Wednesday, July 29, 2009

Yes, but only 30 million people starved to death

Karon Snowdon, reporting for the ABC’s Rear Vision, presents a potted history of China:
Influenced by the Soviet model, collectivisation and social reforms followed. While Mao’s Great Leap Forward was meant to catapult China into the big league of heavy industry, it had mixed results.
“Mixed results”? Is that the ABC’s shorthand for the brutal imposition of the mad whims of a Communist psychopath which lead to the deaths of millions? Jasper Becker’s book on this obscentity puts it rather better:
In 1984 American demographers uncovered evidence that at least 30 million people had starved to death in China between 1958 and 1962.... Based on hundreds of interviews and unpublished documents, (Becker’s book) describes how Mao Zedong created a man-made famine throughout China. Mao’s Great Leap Forward was the greatest example of Utopian engineering ever attempted. Instead, even in the richest regions, peasants died in their millions while the rest became gaunt skeletons. Through graphic eyewitness accounts, the author describes a catalogue of terror, cannibalism, slavery, torture and imprisonment that took place on a massive scale during the great famine in which 10 million people were arrested and sent to death camps while a further 10 million fled their homes. He goes on to explain how the darkest secret of Mao’s rule was kept hidden and why evidence of what happened was disbelieved for so long.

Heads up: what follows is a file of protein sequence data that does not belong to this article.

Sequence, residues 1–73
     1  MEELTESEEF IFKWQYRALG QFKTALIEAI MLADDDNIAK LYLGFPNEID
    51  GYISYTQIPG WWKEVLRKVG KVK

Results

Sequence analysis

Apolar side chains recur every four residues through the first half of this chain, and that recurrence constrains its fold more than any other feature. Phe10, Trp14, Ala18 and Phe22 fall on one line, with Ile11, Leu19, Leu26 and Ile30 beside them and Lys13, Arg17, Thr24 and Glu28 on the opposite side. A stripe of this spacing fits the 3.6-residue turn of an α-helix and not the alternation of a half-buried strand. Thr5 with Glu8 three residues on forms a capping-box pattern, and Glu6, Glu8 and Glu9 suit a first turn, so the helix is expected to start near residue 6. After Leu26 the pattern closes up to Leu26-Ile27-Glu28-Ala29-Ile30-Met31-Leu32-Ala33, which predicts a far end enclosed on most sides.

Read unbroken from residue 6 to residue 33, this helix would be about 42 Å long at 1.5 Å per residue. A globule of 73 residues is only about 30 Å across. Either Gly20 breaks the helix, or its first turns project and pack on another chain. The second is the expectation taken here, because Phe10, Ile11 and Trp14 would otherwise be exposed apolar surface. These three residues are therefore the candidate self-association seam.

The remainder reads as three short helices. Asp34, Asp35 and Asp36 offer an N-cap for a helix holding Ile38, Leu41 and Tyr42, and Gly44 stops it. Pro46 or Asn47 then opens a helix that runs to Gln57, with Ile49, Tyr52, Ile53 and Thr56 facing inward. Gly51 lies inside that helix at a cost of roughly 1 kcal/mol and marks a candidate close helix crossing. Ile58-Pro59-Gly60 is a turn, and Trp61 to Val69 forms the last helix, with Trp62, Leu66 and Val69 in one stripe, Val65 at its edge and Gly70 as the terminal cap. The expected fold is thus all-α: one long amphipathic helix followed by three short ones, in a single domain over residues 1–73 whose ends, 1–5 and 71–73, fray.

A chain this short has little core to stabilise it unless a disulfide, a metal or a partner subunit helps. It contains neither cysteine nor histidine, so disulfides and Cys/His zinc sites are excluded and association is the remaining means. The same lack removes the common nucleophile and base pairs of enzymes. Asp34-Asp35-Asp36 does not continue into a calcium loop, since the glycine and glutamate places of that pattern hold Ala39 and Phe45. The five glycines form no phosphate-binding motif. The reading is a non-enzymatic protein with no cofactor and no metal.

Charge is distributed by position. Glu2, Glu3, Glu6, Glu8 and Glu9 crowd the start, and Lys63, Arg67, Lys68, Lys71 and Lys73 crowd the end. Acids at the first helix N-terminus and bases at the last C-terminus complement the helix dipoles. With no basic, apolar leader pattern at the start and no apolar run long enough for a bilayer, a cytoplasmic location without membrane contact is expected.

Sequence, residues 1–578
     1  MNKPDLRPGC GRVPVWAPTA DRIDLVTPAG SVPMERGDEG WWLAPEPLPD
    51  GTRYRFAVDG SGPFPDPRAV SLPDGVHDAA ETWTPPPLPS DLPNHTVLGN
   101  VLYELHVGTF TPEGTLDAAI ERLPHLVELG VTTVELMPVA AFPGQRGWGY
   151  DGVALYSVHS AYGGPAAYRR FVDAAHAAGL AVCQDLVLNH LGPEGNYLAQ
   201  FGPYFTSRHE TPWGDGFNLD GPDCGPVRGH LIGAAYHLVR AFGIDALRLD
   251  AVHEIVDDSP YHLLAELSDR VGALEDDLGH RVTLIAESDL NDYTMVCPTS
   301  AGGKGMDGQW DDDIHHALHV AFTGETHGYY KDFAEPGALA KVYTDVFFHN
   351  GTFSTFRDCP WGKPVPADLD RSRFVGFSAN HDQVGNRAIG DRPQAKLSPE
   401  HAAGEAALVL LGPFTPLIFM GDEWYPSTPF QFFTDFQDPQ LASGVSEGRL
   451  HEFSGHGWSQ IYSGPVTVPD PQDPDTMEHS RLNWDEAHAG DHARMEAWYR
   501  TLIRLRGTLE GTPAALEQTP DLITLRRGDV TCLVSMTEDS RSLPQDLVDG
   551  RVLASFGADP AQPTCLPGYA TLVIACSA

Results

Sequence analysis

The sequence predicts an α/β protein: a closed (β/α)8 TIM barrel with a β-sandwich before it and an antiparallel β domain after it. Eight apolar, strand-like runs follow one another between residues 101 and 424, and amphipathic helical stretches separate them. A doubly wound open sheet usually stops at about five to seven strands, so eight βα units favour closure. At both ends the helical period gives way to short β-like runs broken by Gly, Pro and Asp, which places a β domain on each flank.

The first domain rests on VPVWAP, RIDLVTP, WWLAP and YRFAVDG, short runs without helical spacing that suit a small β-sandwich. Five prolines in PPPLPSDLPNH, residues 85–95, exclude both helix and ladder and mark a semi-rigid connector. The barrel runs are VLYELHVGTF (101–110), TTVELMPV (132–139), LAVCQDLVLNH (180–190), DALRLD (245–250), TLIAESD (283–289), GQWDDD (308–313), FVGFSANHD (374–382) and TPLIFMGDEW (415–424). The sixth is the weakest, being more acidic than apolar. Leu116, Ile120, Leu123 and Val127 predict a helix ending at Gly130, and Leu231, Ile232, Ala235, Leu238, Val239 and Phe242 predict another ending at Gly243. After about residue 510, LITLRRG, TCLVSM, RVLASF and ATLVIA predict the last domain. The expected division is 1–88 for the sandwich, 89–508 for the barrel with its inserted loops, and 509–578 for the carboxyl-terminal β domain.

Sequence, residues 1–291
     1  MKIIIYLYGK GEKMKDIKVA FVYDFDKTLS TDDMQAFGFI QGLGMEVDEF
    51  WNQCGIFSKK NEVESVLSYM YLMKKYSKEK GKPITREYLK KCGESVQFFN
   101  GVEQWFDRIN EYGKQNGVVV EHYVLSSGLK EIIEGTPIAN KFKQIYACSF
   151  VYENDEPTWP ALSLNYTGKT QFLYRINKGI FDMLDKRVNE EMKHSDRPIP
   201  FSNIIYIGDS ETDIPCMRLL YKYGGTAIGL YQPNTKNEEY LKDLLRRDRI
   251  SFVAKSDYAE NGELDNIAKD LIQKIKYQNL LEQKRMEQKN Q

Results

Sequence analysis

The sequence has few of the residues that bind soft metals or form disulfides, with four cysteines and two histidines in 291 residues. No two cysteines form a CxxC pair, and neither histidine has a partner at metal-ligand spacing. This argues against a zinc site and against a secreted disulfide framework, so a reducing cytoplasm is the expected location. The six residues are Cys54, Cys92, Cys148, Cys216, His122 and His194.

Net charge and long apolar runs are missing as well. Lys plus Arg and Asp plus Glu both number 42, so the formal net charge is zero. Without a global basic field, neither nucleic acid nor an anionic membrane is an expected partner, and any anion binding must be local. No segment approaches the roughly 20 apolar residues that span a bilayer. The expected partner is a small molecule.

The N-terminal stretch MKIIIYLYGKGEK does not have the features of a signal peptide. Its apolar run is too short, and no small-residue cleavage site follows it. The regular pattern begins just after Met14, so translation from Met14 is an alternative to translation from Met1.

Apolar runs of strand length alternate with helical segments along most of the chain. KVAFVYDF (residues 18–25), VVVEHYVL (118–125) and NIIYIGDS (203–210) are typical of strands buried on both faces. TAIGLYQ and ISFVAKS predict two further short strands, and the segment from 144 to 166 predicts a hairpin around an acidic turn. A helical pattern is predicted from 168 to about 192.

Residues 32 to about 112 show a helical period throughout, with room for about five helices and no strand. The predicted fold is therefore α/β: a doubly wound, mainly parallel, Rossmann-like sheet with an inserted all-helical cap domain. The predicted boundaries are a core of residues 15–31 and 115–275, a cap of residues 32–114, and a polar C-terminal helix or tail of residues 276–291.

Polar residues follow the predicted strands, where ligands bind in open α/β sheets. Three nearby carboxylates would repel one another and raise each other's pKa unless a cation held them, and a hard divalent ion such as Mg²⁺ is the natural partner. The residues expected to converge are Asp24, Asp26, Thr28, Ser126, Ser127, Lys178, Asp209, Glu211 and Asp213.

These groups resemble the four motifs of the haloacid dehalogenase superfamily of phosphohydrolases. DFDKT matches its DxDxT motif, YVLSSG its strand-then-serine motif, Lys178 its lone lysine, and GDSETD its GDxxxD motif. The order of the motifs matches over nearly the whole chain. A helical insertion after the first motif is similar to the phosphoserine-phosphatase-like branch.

More people died in this catastrophe than in the Second World War or in the concentration camps of Hitler or Stalin.

A catastrophe so large that the Communist Party sidelined Mao and reduced him to a figurehead, which is why he then unleashed the Cultural Revolution as a means of circumventing the party and reestablishing his control and power.

Posted via email from Garth's posterous

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